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I have a modern external light fixture that needs to be attached to an existing exterior electrical 'box'. The older parts of the house have knob & tube wiring and there is evidence of gas plumbing for lighting before the knob & tube was installed. Here, i think but am not certain, it appears as if the knob & tube comes into a 'box' around an old gas line (see photo) but I may be mistaken.

The instructions say to attach:

  • white to white
  • black to black
  • exposed wire to ground

but all i have are two old wires wrapped in what appears to be cloth. the cloth has become quite brittle.

So, how does one go about, safely, installing the new fixture?

external electrical box fixture installation pg3

Edit: More pictures as requested:

enter image description here enter image description here

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Is your box connected to armored cable? (Metal sheath wrapped around the two cloth wires) –  The Evil Greebo Jun 1 '12 at 18:42
    
Can you post a pic of a more direct shot up into the box? –  The Evil Greebo Jun 1 '12 at 18:50
    
OK, i added 2 photos. best i could get. –  Meltemi Jun 1 '12 at 23:04
    
If the insulation is so far gone that you can't find the stripe, are you sure that moving the wires around isn't going to break it at or behind the box? You don't want to create any dangerous situations here. –  Michael Kohne Jun 2 '12 at 18:59
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FYI, the pipe-like threaded thing at the center of this electrical box is probably not a gas line, just an old-style mounting point for a fixture. –  Shimon Rura Jun 3 '12 at 3:35
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3 Answers

up vote 5 down vote accepted

The correct answer is: Redo the wiring all the way back to the panel.

The workable answer is: The wire with the black stripe on the insulation is BLACK. The other one is white. The junction box is probably not grounded, but I'd attach the ground wire of the light to the junction box anyways.

Safety wise, the ground isn't entirely necessary on a ceiling light as it is pretty unlikely that anyone will touch it.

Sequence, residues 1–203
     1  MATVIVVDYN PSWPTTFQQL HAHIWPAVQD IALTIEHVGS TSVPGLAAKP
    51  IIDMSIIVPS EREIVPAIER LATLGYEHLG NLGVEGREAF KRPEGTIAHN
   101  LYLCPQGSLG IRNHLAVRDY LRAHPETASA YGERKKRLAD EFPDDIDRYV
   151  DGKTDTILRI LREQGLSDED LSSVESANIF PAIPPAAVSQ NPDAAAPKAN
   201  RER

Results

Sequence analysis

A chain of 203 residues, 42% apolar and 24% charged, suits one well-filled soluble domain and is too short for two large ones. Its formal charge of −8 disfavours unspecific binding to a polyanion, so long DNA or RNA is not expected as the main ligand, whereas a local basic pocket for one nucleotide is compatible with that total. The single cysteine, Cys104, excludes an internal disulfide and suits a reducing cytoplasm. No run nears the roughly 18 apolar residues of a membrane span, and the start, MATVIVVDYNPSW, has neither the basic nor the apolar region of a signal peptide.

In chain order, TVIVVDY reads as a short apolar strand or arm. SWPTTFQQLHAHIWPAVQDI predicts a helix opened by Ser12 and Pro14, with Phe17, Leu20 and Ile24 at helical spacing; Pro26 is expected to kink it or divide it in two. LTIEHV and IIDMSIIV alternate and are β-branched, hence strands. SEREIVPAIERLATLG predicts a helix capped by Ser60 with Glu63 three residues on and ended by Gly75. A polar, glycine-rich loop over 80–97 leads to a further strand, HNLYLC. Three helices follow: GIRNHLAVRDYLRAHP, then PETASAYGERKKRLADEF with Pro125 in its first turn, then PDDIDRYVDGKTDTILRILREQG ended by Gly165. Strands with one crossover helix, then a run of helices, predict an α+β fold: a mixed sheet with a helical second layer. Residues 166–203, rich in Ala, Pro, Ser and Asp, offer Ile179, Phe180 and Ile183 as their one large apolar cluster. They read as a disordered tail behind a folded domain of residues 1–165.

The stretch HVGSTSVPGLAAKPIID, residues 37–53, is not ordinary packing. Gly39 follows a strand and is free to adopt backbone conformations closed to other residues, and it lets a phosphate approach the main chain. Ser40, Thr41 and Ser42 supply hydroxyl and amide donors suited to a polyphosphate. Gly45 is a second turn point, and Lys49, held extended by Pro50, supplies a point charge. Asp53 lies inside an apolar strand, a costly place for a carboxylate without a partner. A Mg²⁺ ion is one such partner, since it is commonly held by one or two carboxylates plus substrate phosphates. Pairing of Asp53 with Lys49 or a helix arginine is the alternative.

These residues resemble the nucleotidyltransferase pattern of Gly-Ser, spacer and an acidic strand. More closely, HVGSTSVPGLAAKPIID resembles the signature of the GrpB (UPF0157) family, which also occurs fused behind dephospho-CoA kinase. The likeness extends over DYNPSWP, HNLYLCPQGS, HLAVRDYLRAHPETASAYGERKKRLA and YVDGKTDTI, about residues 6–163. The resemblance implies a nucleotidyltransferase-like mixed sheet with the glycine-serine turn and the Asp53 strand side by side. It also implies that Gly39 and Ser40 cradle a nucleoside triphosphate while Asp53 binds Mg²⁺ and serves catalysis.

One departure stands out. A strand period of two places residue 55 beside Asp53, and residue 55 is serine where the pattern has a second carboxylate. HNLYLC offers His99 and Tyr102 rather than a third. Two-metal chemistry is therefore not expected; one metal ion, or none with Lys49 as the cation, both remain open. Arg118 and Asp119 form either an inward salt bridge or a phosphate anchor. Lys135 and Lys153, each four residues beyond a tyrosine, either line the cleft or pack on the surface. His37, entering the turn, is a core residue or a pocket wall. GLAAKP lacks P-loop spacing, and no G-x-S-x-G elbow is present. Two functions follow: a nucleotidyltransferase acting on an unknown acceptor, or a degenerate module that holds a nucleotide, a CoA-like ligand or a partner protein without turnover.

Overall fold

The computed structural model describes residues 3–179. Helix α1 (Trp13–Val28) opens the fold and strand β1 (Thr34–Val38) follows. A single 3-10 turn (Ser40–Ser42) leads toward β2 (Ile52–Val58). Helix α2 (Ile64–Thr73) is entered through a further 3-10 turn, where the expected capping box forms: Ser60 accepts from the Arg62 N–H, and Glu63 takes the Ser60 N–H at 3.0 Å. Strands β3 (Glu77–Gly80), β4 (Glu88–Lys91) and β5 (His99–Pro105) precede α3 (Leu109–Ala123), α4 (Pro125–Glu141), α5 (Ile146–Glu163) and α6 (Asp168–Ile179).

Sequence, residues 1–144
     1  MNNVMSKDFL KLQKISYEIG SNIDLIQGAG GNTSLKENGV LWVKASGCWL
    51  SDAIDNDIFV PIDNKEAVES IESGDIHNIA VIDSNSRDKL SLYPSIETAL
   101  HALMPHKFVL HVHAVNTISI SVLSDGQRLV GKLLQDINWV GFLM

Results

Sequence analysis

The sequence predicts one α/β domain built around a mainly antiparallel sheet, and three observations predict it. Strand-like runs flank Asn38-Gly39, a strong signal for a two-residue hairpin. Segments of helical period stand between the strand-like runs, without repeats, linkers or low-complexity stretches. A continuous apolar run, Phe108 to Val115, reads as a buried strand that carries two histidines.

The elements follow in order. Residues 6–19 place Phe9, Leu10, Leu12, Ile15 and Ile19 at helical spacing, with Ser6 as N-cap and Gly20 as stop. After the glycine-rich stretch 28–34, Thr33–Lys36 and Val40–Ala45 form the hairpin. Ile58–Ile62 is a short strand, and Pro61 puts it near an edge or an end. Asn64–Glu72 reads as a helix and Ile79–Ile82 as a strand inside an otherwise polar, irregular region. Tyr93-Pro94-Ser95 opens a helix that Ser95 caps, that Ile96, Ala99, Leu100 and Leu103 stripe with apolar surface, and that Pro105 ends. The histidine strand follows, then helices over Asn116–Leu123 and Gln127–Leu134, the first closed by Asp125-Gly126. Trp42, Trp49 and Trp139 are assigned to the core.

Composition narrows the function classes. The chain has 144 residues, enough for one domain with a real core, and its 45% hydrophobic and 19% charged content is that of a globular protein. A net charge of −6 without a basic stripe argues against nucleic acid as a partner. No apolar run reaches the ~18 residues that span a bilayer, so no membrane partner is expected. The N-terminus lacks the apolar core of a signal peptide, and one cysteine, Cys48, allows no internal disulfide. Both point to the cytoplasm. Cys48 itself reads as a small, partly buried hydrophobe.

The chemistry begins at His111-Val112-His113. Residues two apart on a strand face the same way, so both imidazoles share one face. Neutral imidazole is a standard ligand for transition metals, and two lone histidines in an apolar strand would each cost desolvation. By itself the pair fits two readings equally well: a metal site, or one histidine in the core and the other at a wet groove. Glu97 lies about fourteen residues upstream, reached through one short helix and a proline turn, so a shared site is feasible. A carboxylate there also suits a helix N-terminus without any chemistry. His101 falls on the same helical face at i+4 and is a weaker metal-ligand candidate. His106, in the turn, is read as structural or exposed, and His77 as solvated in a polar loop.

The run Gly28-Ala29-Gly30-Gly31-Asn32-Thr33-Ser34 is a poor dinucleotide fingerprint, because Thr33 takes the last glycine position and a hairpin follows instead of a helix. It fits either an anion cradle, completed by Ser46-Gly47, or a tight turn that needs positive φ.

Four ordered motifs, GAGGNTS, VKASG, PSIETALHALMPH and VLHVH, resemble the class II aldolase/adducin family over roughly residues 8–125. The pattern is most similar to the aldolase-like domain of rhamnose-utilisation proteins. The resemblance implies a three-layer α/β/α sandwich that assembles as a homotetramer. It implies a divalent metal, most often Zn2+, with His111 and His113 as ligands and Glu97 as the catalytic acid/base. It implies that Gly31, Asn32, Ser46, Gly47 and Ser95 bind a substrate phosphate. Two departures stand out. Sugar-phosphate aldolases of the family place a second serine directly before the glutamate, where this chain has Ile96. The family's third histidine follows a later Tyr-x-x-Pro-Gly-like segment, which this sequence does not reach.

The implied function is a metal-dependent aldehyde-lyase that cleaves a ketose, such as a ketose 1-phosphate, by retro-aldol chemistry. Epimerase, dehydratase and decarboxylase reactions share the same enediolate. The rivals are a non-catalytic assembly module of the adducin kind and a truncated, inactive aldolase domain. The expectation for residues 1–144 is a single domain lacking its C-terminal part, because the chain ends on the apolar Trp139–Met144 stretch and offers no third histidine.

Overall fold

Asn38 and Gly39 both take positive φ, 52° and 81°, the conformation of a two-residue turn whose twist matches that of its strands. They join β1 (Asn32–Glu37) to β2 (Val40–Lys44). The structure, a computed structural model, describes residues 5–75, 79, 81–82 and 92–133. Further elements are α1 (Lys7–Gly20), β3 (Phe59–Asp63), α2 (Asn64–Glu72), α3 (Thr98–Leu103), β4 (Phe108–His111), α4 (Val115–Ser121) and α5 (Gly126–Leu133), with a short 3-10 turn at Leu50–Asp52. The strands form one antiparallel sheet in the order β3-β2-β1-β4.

But seriously, consider replacing the wire right back to the panel. It can be a pain to pull it, but modern wiring is much safer.

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thanks! i don't think i'll find a "black stripe" on what's left of that brittle insulation. Any other (safe) ways to figure out which one is "black"? –  Meltemi Jun 1 '12 at 17:42
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@Meltemi The safest way is to call an Electrician. –  Tester101 Jun 1 '12 at 18:05
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@Tester101 - of course, but then I wouldn't be posting on a "DIY" website, would I? –  Meltemi Jun 1 '12 at 18:13
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@Meltemi I'm not trying to be mean here, I'm just trying to keep you safe. It's very dangerous to mess with electricity if you don't have proper training. –  Tester101 Jun 1 '12 at 18:25
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@Meltemi Some times the best answer to a DIY question is to call a professional. –  aphoria Jun 2 '12 at 11:31
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Use a NCVT (non-contact voltage tester) and see which of the two wires alarms when the switch is on. That will be your black/hot wire. If both of them alarm, stop, do not pass go, something else is wrong.Non-contact votage tester

For the ground, you don't have one. The safest thing to do is run a whole new wire back to the panel. Anything else is "less than safest".

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I got a NCVT ($17), thanks! Good advice! –  Meltemi Jun 2 '12 at 14:14
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In this case I would carefully remove any cotton or cloth covering on the existing wires, after shutting off the branch circuit. Hopefully this leaves you with a rubber or plastic layer, but either way it will be ok. Now push those wires back into the ceiling as much as you can.

Mechanically rip that entire metal electrical box off the building. A non-contact sensor can help you figure out which wire is hot (black) and which is neutral (white). Ignore the ground wire for a fixture nobody can touch.

Install a new plastic box. Slip loam over the old wire, or wrap well with friction tape (use white and black). Thread the wires through the new plastic box and screw it in place. Install your light fixture per the directions.

That wire that's in your ceiling is probably Knob & Tube: soldered and really bulletproof, it does not really even need insulation because of the knobs and tubes. By replacing the junction box you remove the one weak point.

And for bonus points: find an electrical supply house than can sell you some "loam" for Knob & Tube wiring. Use this instead of friction tape.

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